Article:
The wife of a deceased Marine veteran is demanding answers as to how her husband was able to overdose on opioids while in a VA hospital.
Hank Brandon Lee was 35 when he died in March at the Brockton campus of the Boston VA healthcare system.
He died of an overdose by the synthetic opioid fentanyl. Patients entering the clinic are checked for drugs upon entrance, and the hospital said they didn’t prescribe fentanyl to him nor find it on him, according to The Enterprise newspaper.
“You have video cameras, where is the video?” asked Lee’s widow, Jamie-Lee Hasted, according to the Boston Herald. “What happened? Let me try to get some type of closure.”
The hospital has yet to offer a detailed explanation.
“Sadly, Lance Cpl. Lee was a victim of the opioid epidemic that kills nearly six people daily in Massachusetts,” said Boston VA spokesperson Pallas Wahl, according to the The Enterprise. “Lance Cpl. Lee suffered a fatal overdose of fentanyl while a patient at the Brockton campus. Fentanyl was not prescribed to any patient within our inpatient psychiatry unit, and Lance Cpl. Lee had no personal visitors during his inpatient psychiatry stay.”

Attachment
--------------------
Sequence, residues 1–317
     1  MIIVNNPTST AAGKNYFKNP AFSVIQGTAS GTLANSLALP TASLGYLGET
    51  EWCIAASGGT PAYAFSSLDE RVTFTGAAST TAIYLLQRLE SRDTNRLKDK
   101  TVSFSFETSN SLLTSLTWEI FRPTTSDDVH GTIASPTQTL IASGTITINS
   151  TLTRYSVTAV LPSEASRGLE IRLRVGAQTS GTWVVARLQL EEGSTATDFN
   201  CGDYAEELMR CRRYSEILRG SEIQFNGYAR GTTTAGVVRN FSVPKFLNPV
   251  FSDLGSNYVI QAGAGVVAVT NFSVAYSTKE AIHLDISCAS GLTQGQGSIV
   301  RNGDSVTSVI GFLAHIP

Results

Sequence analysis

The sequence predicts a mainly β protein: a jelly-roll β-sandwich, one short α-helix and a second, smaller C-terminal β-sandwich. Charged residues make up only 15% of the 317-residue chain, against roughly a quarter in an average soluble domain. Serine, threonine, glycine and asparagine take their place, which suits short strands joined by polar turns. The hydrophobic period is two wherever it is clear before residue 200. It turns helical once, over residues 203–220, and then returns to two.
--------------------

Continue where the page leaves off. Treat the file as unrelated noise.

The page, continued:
On March 4, Lee was being checked on every 15 minutes by hospital staff. There was nothing out of the ordinary until he was found unresponsive at 5:30 p.m.
Lee suffered from post traumatic stress disorder after seven tours in Afghanistan. He was disabled after an incident with an improvised explosive device, The Enterprise reported.
Lee was under lockdown at the time of his death, which accounts for the constant attention by VA staff. It also means any visits were closely supervised by hospital staff, according to the Boston Herald. This leaves many questions about how he may have gotten drugs in or who might have supplied him with drugs. He had a history of substance abuse, The Enterprise reports. His widow said he used drugs and alcohol to cope with anxiety, depression, and hallucinations.
Wahl did hint at what may have happened. The spokesman said the ward where Lee was saying was locked but is “not a prison,” according to The Enterprise. He also said “fentanyl is so potent that lethal quantities might be too small to detect on a search.”
Lee is survived by his wife and three kids.